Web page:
Pamuk also has definite opinions about museums. We don’t need any more big, encyclopedic ones chronicling entire societies or time periods, he says. No more Louvres or British Museums, please, no more jewels of heads of state from throughout the ages. Museums should be small and personal, slices of lives, filled with everyday items that belonged to everyday people.

The most challenging theme of all is time. How are time and moments linked? If an object prolongs the memory of a moment, how does that affect time? A large spiral painted on the ground floor of the museum, which you can look down upon from the landings of each of the three upper floors, represents the Aristotelian concept that moments in time cannot be thought of as a straight line. For Kemal, those moments keep spiraling back to his starting point: his endless love of Füsun.

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And now, for the last character: me.

Or you, if you read the novel or get the chance to visit the museum. The reader becomes a partner in the story, whether he or she is aware of it. And isn’t every artistic encounter like that? Such experiences aren’t usually built on such a skillful framework of artifice as Pamuk has constructed here, but the compact between audience and creator remains the same. We’re each part of the equation.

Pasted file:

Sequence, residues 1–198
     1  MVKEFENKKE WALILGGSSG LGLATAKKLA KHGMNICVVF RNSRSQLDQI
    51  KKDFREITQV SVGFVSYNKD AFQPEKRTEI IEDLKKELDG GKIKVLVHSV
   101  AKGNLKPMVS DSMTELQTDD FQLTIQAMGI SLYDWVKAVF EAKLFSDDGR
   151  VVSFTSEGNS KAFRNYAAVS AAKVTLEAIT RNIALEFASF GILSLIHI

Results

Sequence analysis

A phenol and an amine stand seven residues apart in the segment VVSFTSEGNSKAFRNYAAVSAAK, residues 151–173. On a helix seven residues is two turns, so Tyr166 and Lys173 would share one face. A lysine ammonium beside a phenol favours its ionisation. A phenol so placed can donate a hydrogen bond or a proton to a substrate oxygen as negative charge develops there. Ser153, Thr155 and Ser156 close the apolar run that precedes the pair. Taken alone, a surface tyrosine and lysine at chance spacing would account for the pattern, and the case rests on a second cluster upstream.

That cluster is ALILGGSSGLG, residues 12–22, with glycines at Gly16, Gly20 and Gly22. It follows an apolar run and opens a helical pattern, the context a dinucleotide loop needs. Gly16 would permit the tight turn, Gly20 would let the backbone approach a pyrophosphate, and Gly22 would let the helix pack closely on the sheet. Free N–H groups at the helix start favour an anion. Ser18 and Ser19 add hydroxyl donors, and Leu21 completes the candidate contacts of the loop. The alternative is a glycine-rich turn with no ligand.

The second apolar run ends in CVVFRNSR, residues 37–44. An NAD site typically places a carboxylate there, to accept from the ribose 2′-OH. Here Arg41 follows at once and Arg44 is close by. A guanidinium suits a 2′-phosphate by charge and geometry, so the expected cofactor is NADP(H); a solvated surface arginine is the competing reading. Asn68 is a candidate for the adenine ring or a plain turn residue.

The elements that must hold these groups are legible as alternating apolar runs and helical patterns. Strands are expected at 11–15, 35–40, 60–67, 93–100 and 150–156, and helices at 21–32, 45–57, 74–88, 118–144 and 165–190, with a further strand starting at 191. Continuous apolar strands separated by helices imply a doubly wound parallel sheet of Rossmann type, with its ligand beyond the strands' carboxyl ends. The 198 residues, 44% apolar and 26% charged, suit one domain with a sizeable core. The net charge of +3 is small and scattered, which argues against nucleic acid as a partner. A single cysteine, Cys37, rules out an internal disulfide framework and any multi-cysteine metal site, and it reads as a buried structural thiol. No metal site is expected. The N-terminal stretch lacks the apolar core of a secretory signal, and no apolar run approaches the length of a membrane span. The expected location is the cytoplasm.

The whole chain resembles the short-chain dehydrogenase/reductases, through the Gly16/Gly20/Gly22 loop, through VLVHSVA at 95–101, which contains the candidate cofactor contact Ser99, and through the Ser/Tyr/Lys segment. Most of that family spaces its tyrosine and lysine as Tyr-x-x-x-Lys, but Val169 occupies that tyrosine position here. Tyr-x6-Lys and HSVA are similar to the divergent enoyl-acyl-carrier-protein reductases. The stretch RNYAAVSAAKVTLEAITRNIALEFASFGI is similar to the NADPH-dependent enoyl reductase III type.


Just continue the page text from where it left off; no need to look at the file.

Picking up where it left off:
I spend hours at The Museum of Innocence. I listen to every word of the audio tour. I examine each artifact, from the contents of Füsun’s bathroom medicine cabinet and dirty white sneakers to several hundred cigarette butts, in a happy, introspective trance. This isn’t like seeing the movie version of a book. It is allowing the movie in my mind to escape into the bright light of day.

Climbing to the penthouse, I see the bed in which Kemal slept while the museum was being readied. Did he really sleep there? Or was it just in the mind of his author-creator? In the end, it doesn’t matter. It feels real to me.

Both happy and sad, I shed a few more tears. Books, lives and journeys must end, whether they unfold in spirals or not. I grieve for Kemal and his long-ago Istanbul. I rejoice at my chance to experience a book in an entirely new way.

More on The Museum of Innocence

  • The book: Available in bookstores and online
  • The exhibition catalog: Orhan Pamuk wrote a companion book, “The Innocence of Objects,” also available online
  • The museum: Check the website at for more details on the museum, which won the 2014 European Museum of the Year award
  • More travel: Go to for more photos and highlights from Donald Munro’s visit to The Museum of Innocence and Istanbul